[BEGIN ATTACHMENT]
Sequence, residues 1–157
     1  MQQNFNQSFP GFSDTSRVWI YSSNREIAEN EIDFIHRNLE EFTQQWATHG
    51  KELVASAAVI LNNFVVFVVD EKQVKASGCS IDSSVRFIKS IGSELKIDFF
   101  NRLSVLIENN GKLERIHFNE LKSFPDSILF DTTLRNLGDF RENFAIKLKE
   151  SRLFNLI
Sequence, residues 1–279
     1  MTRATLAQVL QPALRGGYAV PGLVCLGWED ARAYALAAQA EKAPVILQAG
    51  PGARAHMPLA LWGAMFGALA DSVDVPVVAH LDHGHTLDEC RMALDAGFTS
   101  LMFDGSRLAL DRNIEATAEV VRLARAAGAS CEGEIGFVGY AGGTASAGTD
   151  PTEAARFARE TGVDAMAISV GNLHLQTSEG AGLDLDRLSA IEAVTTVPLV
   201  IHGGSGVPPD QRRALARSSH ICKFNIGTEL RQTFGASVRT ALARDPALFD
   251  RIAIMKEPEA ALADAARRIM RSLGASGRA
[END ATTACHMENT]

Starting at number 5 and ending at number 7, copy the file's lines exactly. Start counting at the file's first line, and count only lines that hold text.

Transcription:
   151  SRLFNLI
Sequence, residues 1–279
     1  MTRATLAQVL QPALRGGYAV PGLVCLGWED ARAYALAAQA EKAPVILQAG